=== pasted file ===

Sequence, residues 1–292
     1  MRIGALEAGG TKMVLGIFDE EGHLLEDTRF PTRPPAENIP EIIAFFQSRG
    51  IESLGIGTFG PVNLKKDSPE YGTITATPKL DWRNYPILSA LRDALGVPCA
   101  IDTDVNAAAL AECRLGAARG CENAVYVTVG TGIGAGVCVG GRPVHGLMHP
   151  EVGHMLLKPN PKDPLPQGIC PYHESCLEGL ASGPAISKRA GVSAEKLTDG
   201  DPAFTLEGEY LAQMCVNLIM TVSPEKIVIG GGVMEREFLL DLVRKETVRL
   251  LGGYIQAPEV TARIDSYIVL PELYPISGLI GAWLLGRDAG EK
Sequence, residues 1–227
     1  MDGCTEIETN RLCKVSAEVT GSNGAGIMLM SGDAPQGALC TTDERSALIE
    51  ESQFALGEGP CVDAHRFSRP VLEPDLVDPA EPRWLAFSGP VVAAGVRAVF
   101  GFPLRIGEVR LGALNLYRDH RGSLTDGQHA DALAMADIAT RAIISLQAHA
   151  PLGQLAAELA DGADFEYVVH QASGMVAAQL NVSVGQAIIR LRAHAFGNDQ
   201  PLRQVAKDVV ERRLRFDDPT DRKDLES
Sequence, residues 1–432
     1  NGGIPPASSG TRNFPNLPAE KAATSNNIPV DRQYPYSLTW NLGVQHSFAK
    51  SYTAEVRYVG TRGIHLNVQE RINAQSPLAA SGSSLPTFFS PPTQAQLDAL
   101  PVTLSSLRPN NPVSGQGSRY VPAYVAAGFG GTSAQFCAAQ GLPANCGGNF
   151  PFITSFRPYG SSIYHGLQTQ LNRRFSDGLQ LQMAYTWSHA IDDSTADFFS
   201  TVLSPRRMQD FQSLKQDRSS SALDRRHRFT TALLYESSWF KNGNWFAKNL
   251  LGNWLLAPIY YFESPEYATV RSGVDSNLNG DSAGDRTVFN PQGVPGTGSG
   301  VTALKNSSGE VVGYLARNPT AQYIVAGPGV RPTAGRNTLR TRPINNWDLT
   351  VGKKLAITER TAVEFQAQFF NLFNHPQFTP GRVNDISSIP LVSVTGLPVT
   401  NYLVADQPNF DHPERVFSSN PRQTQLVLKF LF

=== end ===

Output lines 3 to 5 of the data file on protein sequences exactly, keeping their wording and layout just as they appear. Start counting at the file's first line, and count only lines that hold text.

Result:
    51  IESLGIGTFG PVNLKKDSPE YGTITATPKL DWRNYPILSA LRDALGVPCA
   101  IDTDVNAAAL AECRLGAARG CENAVYVTVG TGIGAGVCVG GRPVHGLMHP
   151  EVGHMLLKPN PKDPLPQGIC PYHESCLEGL ASGPAISKRA GVSAEKLTDG